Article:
Vegansaurus highlights an obnoxious advert by Physicians' Committee for Responsible Medicine. Now, I like PCRM, in general. I have a few reservations about any group promoting veganism on health grounds, but can appreciate one that doesn't actually push it as a miracle cure/source of immortality. Likewise, they've always been a bit too anti-dietary fats for my taste (even if we ignored the health benefits of, say, olive or coconut oil, emphasising this angle would lead to a fairly joyless diet for many of us, which is of course a brilliant way of putting people off being vegan), but on the other hand I haven't seen any noticeable fat-shaming from them. Until now.

When I started this blog back in 2008, part of my motivation was to challenge the seemingly uncritical delight taken by vegans in sources such as the Skinny Bitch franchise and Gillian McKeith. (Since getting vocal on the subject, I have come across more critics, and GMK in particular has lost a lot of her popularity after eating insects on TV.) I've ranted about discussed related topics many times since then. I'm sure some people wonder why I give so much energy to this topic. Certainly, tofu-world friends* have asked why it bothers me so much. After all, if selling people a diet plan encourages them to go vegan, what's the problem?

I'll tell you what the problem is. VEGANISM ISN'T ABOUT GETTING SKINNY. Some people, for better or worse, experience that as a side-effect of going vegan. Others don't. Some put on weight. Some just stay the same, wherever they started from. And if you want to promote veganism for animal rights reasons, equating veganism with perfect health is a bit dodgy. A vegan diet is no more automatically healthy than an omni one - any diet takes a bit of work to get the right nutrients. Equating skinny with healthy is quite frankly dangerous - not everyone is designed that way. And equating veganism with the aesthetic side of skinniness? Just, no. As much as anything, if someone cares about 'getting skinny' over all else, do you really think they'll stay vegan if the weight doesn't fall off? If they get skinny and get sick, meanwhile, veganism will be blamed. This is how some of the more prominent ex-vegans seem to have come to be that way.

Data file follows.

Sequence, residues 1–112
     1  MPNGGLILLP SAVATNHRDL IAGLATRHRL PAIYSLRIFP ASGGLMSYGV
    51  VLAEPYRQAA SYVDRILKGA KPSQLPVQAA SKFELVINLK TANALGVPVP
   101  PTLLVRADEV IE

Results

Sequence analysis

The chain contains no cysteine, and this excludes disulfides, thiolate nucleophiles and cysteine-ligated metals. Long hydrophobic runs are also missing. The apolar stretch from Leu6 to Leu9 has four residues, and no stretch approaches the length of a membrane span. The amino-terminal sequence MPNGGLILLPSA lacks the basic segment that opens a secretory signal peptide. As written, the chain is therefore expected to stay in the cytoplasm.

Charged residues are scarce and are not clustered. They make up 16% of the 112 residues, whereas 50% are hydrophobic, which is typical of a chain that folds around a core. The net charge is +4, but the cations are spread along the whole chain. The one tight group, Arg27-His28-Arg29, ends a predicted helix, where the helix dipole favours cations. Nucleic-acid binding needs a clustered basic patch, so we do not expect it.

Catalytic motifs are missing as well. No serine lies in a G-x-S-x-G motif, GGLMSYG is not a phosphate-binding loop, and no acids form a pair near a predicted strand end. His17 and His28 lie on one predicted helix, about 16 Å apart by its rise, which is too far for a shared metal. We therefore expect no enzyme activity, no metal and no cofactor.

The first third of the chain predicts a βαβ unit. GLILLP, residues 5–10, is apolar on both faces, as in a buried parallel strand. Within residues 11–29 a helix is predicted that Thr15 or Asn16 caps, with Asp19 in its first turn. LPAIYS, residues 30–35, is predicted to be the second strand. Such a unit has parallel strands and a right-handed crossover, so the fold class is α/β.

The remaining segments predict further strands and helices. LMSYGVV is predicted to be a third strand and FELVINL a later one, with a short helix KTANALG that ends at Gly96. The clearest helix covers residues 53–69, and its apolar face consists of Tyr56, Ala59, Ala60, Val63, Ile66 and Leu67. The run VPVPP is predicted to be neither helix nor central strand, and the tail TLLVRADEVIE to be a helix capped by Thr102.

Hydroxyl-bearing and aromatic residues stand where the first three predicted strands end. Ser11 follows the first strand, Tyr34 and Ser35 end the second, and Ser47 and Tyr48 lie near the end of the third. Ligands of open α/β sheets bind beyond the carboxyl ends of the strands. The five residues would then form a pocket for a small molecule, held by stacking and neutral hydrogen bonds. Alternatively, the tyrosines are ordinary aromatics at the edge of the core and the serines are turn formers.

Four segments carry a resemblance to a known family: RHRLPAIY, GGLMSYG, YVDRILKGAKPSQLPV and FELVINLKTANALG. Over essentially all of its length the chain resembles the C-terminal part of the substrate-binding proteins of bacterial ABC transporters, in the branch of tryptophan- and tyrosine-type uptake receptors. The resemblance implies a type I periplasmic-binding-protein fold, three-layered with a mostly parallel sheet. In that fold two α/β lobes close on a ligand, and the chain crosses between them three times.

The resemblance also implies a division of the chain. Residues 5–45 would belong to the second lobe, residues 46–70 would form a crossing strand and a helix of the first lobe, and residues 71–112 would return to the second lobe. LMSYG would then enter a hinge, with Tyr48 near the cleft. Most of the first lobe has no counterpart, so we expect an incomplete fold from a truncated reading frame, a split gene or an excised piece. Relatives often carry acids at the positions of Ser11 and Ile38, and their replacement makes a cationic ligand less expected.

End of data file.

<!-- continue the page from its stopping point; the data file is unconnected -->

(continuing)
And the advert in question, well, it seems to be trading purely on the idea that fat is a Bad Thing aesthetically - that it looks gross, for a start, and furthermore is a sign that you must have been killing baby calves to keep yourself in such disgusting shape. A vegan, by this reckoning, absolutely cannot look like that. Sadly, many unskinny vegans (myself included) tend to have this strange thing called dignity that prevents us dropping trou/getting topless at PCRM HQ - possibly alongside a couple of the skinny omnis/lacto-vegs I know - and challenging the people behind the advert to spot the difference.

I'm with Fuck Yeah Fat Vegans on this one...

*Veganising 'meatworld', internet-obsessive speak for real life

Saturday, 14 January 2012

Things to read and do

I'm not doing new years resolutions here, but I do like a nice challenge, especially one that gives me something to blog about. And since I like books, that might as well be the theme. So here goes! NB each list will probably be added to as I remember other books I either have or want.

Re-read existing vegan/vegetarian/animal rights books
Specifically reread properly and blog. Many of my books are currently in crates while we get ready to move house, so may have to wait.
  • Peter Singer, Animal Liberation
  • Peter Singer and Jim Mason, Eating
  • Eric Schlosser, Fast Food Nation (Not a vegan book, but it certainly challenges meat culture)

    Books I want to read
    These include different perspectives on veganism and at least one anti-vegan book - never let it be said that I let my critical thinking skills go blunt! Might have to wait until I can afford or borrow copies.
  • Jonathan Safran Foer Eating Animals This has had mixed reviews ranging from 'most inspirational book EVAH' to 'TEH EVUL INDUSTRY SHILL', so I want to make up my own mind about it.
  • Gary Francione, Rain Without Thunder This is some vegans' bible and a hate figure for others, so again I want to make up my own mind.